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Published on October 10, 2019

Students Volunteer Across Willimantic for ‘Day of Caring’

Students disinfect toys at the Abundant Life Church playroom.

A student paints at the Abundant Life Church.

Students pose near a Willimantic River waterfall before planting local species and weeding invasive plants, in collaboration with the Willimantic Whitewater Partnership.

Students harvest potatoes at the Lauter Park community garden.

Students weed the Grow Windham green house.

Left to right: Kim Silcox, director of the CCE; Jim Bellano, director of economic development for the Town of Windham; Mario Conjura, vice president of People's United Bank; Paula Gilberto, president and CEO of United Way of Central and Northeastern Connecticut.

hawn Maynard, executive director of Windham Hospital, addresses the crowd of volunteers during the opening ceremony.

A fleet of Eastern students took up shovels and brooms on Oct. 5 for the annual Day of Caring, a large-scale volunteer effort in collaboration with United Way of Central and Northeastern Connecticut. Nearly 90 student volunteers dispersed to locations across Willimantic for a variety of fall clean-up projects. Organizations included GROW Windham, the Abundant Life Church, the Windham Area Interfaith Ministry, CLICK, Horizons and the Joshua’s Trust Church Farm.

Before students went to their assigned locations, local leaders thanked the students and spoke to them about the importance of the work they were going to be completing throughout the day. “It is amazing to see so many young people out here this early in the morning, and I commend you all for being here,” said Shawn Maynard, executive director of the Windham Hospital Foundation. “Wear proudly the shirts you are wearing and live united.”

Paula S. Gilberto, president and CEO of the United Way of Central and Northeastern Connecticut, also spoke about what has been done in the community through financial contributions and volunteerism in the area. “With $300,000 raised, we worked with our partners last year to make sure that 360 Windham students participated in in-school and after-school programs. These programs help them stay on track academically so that they graduate from high school. Emergency financial assistance was provided to 8,500 people to help with rent, utilities and transportation. Nearly 5,000 people called the United Way hotline seeking assistance in connecting with health and human service organizations.”

Students pick up trash near Main Street.

A student cleans the entrance of the Windham Area Interfaith Ministry.

Students work in the GROW Windham garden.

Volunteers harvest potatoes at the Lauter Park community garden

A student paints a tool shed at GROW Windham.

Mario Conjura, vice president of People’s United Bank and chair of the Windham Regional Advisory Board, asked students to think about what matters the most to them as they went out to the community to work. “What matters the most to you? What are you passionate about?” asked Conjura. “A community is defined by a shared concern or passion ensuring children that succeed in school, people get jobs and are financially secure, people are healthy and basic needs are met during tough times. Together we are going to do amazing things. I look forward to seeing you again soon, and thank you for spending the morning with us bright and early.”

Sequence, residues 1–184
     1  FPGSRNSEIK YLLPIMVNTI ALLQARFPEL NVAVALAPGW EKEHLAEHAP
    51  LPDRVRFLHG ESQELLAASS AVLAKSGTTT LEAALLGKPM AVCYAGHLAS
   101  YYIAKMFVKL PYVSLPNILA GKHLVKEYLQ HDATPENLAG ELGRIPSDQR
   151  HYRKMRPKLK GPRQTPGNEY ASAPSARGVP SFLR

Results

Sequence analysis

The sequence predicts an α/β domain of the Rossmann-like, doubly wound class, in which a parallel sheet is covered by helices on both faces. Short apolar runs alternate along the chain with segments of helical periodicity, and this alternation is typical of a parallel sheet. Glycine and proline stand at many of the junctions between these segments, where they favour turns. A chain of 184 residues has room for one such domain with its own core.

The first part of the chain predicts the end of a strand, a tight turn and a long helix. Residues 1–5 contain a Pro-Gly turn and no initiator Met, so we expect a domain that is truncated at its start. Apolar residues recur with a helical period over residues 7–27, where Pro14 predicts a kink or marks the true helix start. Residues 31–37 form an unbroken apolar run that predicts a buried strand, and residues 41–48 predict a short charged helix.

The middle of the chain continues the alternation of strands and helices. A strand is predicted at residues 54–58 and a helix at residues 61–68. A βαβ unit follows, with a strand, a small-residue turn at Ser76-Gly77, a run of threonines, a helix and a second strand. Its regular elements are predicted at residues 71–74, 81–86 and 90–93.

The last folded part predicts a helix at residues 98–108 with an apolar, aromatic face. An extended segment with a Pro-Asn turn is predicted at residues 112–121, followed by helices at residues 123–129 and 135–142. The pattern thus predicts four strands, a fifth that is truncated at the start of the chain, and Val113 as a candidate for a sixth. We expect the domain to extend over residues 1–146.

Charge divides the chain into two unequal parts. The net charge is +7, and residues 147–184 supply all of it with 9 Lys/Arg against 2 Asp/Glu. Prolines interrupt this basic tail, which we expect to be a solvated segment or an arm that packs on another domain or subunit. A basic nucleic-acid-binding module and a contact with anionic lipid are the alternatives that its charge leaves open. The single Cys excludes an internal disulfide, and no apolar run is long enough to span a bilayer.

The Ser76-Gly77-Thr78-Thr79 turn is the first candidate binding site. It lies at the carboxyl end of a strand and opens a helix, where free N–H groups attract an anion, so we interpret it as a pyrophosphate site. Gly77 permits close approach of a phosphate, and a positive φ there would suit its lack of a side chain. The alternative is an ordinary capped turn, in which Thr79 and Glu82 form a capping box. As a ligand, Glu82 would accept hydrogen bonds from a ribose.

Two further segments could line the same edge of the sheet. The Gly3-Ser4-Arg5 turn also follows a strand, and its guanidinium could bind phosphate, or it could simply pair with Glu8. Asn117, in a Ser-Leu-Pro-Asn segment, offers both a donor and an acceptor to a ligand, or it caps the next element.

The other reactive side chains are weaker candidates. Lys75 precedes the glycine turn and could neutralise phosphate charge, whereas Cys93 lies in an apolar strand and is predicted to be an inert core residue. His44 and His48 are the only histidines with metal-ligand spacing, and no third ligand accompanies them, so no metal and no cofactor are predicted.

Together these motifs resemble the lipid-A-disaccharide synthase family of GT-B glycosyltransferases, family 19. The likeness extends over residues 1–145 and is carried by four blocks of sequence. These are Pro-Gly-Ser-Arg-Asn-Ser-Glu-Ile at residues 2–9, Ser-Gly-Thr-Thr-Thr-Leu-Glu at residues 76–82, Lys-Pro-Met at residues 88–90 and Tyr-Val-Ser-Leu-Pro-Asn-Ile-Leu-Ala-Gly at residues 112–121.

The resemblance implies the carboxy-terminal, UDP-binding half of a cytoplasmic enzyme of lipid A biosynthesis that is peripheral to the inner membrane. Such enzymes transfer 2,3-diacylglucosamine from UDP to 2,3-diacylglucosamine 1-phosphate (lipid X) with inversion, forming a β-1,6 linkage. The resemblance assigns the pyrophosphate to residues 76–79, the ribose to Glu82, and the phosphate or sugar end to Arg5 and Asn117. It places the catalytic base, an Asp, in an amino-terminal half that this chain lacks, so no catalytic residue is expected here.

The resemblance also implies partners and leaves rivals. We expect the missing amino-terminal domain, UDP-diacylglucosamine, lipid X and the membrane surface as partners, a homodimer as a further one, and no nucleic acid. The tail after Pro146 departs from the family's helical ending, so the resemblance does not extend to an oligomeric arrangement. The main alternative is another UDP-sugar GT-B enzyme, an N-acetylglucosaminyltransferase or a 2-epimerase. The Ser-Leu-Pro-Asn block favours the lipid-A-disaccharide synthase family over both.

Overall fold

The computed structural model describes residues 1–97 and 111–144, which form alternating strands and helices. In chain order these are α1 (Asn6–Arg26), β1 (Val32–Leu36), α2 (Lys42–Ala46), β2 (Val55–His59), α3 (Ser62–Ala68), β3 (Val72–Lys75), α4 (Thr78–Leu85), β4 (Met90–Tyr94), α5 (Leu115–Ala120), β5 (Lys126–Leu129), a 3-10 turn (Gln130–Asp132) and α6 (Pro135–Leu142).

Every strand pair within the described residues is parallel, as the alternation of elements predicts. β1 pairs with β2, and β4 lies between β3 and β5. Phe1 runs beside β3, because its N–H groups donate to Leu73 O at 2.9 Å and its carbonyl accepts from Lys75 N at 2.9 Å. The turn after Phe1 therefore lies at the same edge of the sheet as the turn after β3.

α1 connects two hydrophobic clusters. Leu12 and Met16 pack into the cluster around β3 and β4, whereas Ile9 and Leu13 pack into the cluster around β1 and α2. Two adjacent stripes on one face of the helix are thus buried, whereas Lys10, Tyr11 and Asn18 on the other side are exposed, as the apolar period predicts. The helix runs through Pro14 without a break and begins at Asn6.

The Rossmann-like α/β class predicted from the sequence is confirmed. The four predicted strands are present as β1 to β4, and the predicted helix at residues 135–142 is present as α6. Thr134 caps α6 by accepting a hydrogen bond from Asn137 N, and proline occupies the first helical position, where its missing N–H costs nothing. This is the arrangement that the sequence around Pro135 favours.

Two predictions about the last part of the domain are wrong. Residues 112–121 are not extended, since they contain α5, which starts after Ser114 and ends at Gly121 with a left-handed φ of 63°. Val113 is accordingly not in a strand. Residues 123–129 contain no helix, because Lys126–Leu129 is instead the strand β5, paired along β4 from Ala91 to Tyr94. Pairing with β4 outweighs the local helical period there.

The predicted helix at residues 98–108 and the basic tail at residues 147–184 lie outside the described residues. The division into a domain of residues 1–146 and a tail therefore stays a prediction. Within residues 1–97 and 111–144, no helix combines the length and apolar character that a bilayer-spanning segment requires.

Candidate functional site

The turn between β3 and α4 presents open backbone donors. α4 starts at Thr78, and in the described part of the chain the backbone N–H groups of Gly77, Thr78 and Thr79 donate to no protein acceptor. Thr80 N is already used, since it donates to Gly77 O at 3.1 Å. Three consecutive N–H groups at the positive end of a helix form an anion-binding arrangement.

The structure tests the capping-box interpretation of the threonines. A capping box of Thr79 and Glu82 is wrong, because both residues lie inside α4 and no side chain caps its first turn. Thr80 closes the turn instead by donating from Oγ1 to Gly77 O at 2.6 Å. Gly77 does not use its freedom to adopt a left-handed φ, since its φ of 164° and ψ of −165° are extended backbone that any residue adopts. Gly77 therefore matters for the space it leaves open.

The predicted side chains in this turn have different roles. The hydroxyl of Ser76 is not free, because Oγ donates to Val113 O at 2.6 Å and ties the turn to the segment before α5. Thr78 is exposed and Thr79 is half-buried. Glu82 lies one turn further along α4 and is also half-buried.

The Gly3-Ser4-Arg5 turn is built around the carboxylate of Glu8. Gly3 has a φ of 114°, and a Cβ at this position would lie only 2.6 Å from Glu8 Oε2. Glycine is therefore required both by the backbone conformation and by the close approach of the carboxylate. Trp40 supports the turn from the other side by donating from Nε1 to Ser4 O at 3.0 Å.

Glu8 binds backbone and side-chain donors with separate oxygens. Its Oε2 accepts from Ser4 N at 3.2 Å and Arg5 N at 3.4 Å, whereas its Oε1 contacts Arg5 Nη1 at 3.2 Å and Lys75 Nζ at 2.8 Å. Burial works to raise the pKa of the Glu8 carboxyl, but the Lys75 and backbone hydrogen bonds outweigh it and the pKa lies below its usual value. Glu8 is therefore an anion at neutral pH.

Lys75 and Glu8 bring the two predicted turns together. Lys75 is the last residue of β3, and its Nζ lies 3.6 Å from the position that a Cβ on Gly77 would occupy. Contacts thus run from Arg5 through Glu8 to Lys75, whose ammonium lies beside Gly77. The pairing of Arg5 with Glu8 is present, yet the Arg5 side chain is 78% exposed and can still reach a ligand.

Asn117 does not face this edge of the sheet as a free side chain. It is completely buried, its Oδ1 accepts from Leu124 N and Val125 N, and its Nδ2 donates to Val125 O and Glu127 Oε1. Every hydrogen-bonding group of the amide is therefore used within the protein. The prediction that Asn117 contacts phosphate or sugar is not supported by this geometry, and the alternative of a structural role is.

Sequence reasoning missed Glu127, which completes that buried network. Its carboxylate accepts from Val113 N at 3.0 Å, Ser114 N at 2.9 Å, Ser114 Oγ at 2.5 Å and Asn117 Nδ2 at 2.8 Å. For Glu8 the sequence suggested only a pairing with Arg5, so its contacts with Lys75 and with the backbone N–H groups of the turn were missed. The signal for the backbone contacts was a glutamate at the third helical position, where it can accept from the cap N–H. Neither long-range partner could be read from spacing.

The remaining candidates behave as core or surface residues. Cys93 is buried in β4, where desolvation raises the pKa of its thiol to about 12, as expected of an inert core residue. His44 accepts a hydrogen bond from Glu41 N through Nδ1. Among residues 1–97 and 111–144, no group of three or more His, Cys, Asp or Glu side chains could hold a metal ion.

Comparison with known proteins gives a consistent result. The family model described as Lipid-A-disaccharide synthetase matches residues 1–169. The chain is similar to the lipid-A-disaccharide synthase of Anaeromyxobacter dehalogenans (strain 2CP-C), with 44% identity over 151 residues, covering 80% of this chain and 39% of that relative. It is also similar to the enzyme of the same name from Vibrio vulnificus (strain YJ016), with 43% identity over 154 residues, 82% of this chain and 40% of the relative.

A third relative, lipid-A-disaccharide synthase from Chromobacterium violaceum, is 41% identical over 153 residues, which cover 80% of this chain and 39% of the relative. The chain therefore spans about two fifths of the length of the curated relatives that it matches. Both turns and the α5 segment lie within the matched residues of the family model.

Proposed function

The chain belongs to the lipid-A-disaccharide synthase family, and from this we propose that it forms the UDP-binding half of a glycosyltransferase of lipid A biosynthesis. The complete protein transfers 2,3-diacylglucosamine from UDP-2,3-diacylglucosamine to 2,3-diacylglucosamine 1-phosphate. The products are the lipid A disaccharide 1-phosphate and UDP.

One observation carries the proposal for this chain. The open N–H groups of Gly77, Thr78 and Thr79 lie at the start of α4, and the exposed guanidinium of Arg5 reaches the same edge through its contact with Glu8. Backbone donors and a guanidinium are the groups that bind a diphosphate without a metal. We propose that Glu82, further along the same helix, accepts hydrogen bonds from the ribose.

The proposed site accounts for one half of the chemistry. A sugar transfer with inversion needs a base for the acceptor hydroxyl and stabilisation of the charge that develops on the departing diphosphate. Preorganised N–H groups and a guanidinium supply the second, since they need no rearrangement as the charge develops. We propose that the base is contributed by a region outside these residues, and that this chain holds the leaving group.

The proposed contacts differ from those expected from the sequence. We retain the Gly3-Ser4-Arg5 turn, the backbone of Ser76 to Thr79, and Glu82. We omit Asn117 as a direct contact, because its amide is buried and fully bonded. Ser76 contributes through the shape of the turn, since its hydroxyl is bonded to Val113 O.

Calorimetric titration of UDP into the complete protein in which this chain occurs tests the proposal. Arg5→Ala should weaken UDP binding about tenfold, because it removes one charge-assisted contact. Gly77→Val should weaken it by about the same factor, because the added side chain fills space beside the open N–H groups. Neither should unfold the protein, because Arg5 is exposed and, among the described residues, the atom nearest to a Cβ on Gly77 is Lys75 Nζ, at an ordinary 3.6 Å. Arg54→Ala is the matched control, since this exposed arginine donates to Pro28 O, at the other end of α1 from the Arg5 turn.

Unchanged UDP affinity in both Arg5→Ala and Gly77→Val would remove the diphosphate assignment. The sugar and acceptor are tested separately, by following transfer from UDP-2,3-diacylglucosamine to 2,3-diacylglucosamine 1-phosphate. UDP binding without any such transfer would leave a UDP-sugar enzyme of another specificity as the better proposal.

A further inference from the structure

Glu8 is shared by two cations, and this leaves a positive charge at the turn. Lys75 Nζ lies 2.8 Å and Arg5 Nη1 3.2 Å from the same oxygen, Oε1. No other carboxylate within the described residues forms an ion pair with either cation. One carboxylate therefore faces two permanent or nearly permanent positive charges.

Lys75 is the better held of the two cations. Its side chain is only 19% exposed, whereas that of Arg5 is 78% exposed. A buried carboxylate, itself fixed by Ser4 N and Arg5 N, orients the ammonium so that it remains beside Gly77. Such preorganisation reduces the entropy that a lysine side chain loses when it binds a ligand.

Eastern students contributed 472 hours of work and picked up more than 100 bags worth of trash around the community during the day. Students also helped out at a community garden, helped clean town museums, planted plants in the community, created literacy kits, built small bridges and more.

One of the many organizations that Eastern students volunteered with on ‘The Day of Caring’ was the Willimantic No Freeze Shelter, which provides a safe place to sleep to those who find themselves homeless during the winter. Students assisted the shelter with their Frogtober Fest Race by handing out drinks to runners and directing runners on the path across town.

Another location where students helped was CLICK, a community kitchen whose goal is to make food more sustainable by providing space to local entrepreneurs and small businesses to cook and plant produce. Students assisted CLICK’s staff by constructing protective covers for their plants. “Thank you for the wonderful help. The students were delightful,” said Leigh Duffy, who worked with the students at CLICK. 

Kim Silcox, director of the Center for Community Engagement at Eastern, commented on the results of the day. “I saw many areas that had not been raked clean in many years and they looked great afterwards. The Taylor Court garden was really overgrown and the volunteer who tried to manage it really appreciated the help, the students turned it from a jungle into a clean, enjoyable community garden.”

Written by Vania Galicia